Today, May 18, is International Museum Day, a day aimed to raise awareness about museums as an important avenue to learn more about other cultures. TDS, a company dedicated to building a diverse and inclusive culture, recognizes the importance of museums in achieving these overarching goals.
Here are 10 museums in communities across the Southwestern part of the United States worth visiting!
Chapin Mesa Archeological Museum — Cortez, Colorado
Within the Mesa Verde National Park, you will find one of the oldest museums in the National Park Service. Constructed from 1922–1925, the beautiful Chapin Mesa Archaeological Museum was built using Cliff House Sandstone—the same material the Ancestral Pueblo used to construct their dwellings in the area.
Exhibits include dioramas illustrating Ancestral Pueblo life, a chronology of Ancestral Pueblo culture, and prehistoric artifacts. Nearby lookouts also allow you to immerse yourself in the past through the well-preserved Spruce Tree House.
Cussler Museum, Arvada, Colorado
The Cussler Museum is dedicated to the preservation of astounding, rare, and vintage automobiles from around the world. Started by the late best-selling thriller author Clive Cussler, the extensive collection now includes over 100 automobiles from 1906–1965. While the museum is currently closed due to the pandemic, Cussler’s memory will continue to live on through his captivating novels and prized automobile collection in the near future.
Estes Park Museum, Estes Park, Colorado
The allure and beauty of Estes Park has been drawing visitors for generations. Nestled at the foot of the towering Longs Peak, the Estes Park Museum will walk you through the area’s unique history of Native American tribes, homesteaders, entrepreneurs, artists, and other noteworthy people and events. Learn more about this lively town through a series of interactive displays and in-depth exhibits.
Rocky Mountain Dinosaur Resource Center, Woodland Park, Colorado
This massive facility (20,000 square feet, to be exact) is among the top dinosaur museums in the country. The center has some of the most complete specimens on display in the world, including the Pteranodon specimen, Pachycephalosaurus specimen, and one of the largest Tylosaurs ever discovered. The museum also has a play area with educational activities and features an impressive collection of marine reptile, pterosaur, and dinosaur fossils.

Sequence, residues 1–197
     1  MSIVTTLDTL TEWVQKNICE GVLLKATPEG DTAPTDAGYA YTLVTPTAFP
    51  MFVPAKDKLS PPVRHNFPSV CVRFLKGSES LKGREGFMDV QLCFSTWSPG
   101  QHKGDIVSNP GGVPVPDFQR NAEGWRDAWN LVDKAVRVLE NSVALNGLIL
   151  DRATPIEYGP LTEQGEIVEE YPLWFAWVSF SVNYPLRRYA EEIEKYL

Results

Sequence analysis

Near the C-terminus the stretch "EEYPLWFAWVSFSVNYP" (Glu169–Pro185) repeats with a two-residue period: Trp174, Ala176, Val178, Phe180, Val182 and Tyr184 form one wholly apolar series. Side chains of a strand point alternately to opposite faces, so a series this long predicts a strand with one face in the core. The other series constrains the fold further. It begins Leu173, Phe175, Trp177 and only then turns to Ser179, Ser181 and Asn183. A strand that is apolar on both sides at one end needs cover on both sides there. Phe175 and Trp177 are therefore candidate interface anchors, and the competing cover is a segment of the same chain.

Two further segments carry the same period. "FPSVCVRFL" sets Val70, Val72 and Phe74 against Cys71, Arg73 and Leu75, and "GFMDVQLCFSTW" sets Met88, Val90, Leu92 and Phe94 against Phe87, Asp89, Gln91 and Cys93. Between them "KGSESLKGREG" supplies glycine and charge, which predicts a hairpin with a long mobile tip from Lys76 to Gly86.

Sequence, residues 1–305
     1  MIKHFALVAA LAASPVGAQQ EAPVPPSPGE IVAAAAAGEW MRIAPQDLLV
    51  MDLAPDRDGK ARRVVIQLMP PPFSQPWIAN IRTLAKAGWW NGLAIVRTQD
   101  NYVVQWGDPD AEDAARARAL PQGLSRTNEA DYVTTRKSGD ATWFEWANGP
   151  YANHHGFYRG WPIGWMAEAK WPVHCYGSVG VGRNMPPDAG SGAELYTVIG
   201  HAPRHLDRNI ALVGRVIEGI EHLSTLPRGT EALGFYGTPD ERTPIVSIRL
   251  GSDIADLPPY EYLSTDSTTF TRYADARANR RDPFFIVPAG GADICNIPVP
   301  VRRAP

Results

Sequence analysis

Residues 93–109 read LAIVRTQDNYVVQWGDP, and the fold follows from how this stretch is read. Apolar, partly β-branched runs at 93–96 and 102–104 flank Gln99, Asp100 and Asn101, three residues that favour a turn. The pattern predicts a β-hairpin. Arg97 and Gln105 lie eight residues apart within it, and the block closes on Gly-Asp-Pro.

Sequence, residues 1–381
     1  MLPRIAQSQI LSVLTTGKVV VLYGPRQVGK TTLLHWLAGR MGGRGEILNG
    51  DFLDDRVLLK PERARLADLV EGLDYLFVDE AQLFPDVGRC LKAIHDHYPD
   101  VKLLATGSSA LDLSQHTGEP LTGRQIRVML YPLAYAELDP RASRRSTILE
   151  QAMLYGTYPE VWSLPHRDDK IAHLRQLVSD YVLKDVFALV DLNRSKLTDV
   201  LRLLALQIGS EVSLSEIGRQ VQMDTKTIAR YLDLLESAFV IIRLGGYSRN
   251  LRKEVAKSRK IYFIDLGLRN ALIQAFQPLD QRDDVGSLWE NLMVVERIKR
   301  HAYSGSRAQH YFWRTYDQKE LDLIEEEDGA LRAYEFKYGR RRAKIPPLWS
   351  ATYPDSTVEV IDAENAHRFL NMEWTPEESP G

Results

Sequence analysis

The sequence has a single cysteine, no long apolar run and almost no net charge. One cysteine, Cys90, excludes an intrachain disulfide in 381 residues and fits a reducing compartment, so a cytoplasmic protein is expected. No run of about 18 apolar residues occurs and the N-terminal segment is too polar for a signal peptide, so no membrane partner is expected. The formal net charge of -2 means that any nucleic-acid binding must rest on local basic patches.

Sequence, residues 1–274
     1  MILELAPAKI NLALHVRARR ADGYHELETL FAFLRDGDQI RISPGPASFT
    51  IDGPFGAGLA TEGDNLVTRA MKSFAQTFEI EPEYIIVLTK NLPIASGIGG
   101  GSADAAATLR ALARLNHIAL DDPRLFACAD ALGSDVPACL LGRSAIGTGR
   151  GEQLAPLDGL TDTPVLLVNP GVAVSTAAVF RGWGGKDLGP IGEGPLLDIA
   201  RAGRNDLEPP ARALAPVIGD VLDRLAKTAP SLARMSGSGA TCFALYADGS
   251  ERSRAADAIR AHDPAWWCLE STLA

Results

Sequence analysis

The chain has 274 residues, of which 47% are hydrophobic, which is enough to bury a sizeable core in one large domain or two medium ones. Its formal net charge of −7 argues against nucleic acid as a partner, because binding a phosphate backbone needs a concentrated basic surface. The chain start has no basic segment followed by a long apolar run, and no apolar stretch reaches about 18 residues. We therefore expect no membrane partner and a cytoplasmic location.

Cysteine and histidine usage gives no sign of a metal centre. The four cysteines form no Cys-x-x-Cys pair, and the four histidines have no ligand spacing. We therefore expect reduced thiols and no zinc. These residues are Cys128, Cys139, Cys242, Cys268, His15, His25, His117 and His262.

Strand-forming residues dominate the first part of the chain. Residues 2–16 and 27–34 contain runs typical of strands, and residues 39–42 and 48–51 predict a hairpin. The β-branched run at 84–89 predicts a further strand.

New Mexico Museum of Space History, Alamogordo, New Mexico
This museum is a must see for people of all ages interested in the history of rockets and space flight. The Rockets exhibit provides a historical development of rocketry and honors its pioneers. The interactive buttons on the museum cases allow you to hear the distinct rocket sounds. The Icons of Exploration exhibit is home to some of space history’s most celebrated objects, including a real “moon rock” and rare replicas of the first man-made satellites. The Living in Space exhibit shows examples of how mankind has adapted to the challenges of space travel, including space suits and American and Soviet space food.
Carlsbad Museum & Art Center, Carlsbad, New Mexico
The museum features permanent displays on local and regional history, Native American art and artifacts, and modern, contemporary and Southwestern art, including the McAdoo Collection of “Taos Ten” paintings. The museum also hosts the annual Carlsbad and Loving schools exhibitions (in April and May), the Zia Quilt Guild show (in September) and two Carlsbad Area Art Association exhibitions (in March and October).